China's Pakistan card

The most worrisome strategic development for India in the near future will come from the nature and consequences of China’s role in the evolution of Pakistan.

The recently reported agreement between China and Pakistan for setting up of two nuclear power plants in Karachi can certainly be justified on the surface in view of Pakistan’s civilian power crisis. But the implications of growing nuclear and missile cooperation between these two countries are going to be ominous.

Moreover, the effect of China’s political and strategic investment in Pakistan will be felt much beyond the region. The danger of this development is not hard to discover. First of all, China is apparently making Pakistan a testing ground for its technology with military implications. The proposed sale of two reactors to Pakistan, for instance, is not about transfer of well tested and trusted nuclear reactors, but about the ones that are currently under experimental development in Chinese nuclear labs.

Secondly, the timing of this deal is significant. The Indo-US civil nuclear cooperation agreement appears to be grounded for the moment partly due to the Indian nuclear liability Act. This deal was made possible after years of intense diplomatic efforts that included a hard-won waiver from the Nuclear Suppliers’ Group or NSG. China now wants to show to the world that it could promote civil nuclear cooperation agreement with client countries without any NSG waiver.

In other words, China is sending signals that it is a more convenient nuclear supplier than the United States and its allies who follow stricter rules and put too many conditions. If this Sino-Pakistan nuclear deal goes through with little international opposition, relevance of NSG may begin to be questioned. Genuine nonproliferation efforts may go waste. Nuclear reactor market may begin to be guided by marker principles rather than proliferation concerns. Thirdly, China’s nuclear business with Pakistan is unfolding at a time when terrorist groups in Pakistan are getting emboldened. Recent history shows how even Pakistani military establishments are not immune to terrorist attacks.

The proposed end of Nato and American military operations have not only encouraged the Taliban but also inspired the Pakistani terrorist organisations, some of whom aspire to acquire WMD capability.

One may argue that nuclear reactors in Karachi are not going to be bomb making facilities. But the main worry is safety of reactors. History is witness to terrorists blowing up oil pipelines and oil wells. Moreover, the Pakistani State has been ceaselessly expanding its nuclear arsenals. Is it the time to reward Pakistan with nuclear reactors?

Strategic signalling

Fourthly, China’s nuclear investment in Pakistan appears to be related to Beijing’s strategic signalling. The target is undoubtedly the United States. The distrust in US-Pakistan relations has been deepening since the killing of Osama bin Laden. The strategic alliance of these two countries may not survive the pullout of US troops from Afghanistan. Even the remnants of alliance can be rendered meaningless, if China’s assurance of friendship is cemented with durable nuclear cooperation.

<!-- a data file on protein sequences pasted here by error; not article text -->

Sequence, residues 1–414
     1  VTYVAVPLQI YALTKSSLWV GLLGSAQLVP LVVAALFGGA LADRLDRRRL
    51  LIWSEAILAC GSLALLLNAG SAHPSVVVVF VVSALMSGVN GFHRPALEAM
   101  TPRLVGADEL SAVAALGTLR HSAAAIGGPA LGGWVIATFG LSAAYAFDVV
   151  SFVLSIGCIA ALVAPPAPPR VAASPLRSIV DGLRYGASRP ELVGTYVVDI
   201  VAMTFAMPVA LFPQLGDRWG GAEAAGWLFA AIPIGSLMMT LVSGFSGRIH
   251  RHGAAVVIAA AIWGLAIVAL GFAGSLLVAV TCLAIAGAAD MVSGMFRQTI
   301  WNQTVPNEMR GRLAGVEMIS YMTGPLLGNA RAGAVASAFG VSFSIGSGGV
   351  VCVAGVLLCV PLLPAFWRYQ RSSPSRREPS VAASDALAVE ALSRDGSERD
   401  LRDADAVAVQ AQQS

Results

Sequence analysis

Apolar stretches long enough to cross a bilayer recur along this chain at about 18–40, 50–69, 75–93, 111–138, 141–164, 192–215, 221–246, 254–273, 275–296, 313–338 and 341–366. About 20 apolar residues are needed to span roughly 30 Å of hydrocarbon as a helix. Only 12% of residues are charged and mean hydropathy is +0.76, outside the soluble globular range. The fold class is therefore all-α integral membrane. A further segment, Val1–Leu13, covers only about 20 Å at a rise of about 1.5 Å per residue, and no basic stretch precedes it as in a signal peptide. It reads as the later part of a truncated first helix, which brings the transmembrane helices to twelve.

The Asian rebalancing strategy of the Obama Administration has rankled China. While warning America against any attempt to contain China’s rise to power, Xi Jinping regime in Beijing has developed a strategy to counter the American policy of strengthening its existing alliances and expanding strategic partnerships with countries, such as India and Vietnam. China’s counter-strategy is reflected in picking up quarrels with America’s allies and strategic partners and cementing its ties with its all-weather allies and potential regional powers. In the not-too-distant a future, one may witness China stretching its hands of cooperation to Iran, North Korea, Libya and a few other countries in Africa and West Asia.

The world will, of course, scrutinise how the US is going to respond to Sino-Pakistan nuclear cooperation. In the recent past, both the Bush administration and the Obama Administration clamped several rounds of proliferation related sanctions on Chinese entities. But the sanctions were not against Chinese government per se. Moreover, the sanctions were not stinging and some of them were lifted only on the ground of Chinese government’s verbal assurances to be mindful of proliferation concerns.
In years to come, India may helplessly stare at a Pakistan growing from strength to strength by qualitatively and quantitatively expanding its WMD arsenal and putting in place an array of nuclear reactors to face the challenge of its power crisis with little international responsibility or accountability due to Chinese help. China will certainly use its relations with Pakistan for larger goals.

The all-weather alliance between China and Pakistan will be incrementally strengthened in the wake of US withdrawal of its troops from the region. With Pakistan’s cooperation, China may enter Afghanistan in a bigger way to use the natural resources of that country. Good and cooperative relations with Pakistan and Afghanistan may be pursued by Beijing also as a shield against ethnic troubles in Xinjiang.

India during all these developments may still find itself in the midst of endless diplomatic negotiations to take its own civil nuclear programme off the ground.

(The writer is a professor at school of international studies, JNU)

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